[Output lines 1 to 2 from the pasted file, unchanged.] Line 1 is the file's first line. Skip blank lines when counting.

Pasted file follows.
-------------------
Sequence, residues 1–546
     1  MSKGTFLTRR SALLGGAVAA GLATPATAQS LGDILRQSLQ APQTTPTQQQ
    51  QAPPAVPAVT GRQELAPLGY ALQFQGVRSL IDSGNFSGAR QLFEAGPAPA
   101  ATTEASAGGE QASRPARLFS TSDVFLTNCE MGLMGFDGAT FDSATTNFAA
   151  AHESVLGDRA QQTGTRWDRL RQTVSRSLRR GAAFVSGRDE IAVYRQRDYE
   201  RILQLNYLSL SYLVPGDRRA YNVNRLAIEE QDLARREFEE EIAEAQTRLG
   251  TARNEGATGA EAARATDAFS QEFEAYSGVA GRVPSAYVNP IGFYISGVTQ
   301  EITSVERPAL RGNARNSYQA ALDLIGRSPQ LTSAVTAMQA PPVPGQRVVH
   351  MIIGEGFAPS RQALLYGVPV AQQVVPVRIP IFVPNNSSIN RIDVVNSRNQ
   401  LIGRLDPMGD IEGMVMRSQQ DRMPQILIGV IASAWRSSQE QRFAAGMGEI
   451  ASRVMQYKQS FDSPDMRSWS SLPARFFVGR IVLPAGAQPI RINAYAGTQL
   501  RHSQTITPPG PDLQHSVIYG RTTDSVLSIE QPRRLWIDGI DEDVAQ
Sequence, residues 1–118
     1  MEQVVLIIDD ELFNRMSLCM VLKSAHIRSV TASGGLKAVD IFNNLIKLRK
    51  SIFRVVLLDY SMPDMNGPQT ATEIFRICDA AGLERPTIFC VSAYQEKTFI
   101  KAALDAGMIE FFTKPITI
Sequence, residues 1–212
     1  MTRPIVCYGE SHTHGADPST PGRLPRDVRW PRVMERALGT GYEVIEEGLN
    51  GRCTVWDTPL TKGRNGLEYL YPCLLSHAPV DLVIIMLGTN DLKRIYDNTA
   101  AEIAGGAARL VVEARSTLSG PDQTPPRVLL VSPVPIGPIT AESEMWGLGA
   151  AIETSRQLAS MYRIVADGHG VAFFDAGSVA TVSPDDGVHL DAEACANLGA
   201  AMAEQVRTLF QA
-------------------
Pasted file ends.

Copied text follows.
Sequence, residues 1–546
     1  MSKGTFLTRR SALLGGAVAA GLATPATAQS LGDILRQSLQ APQTTPTQQQ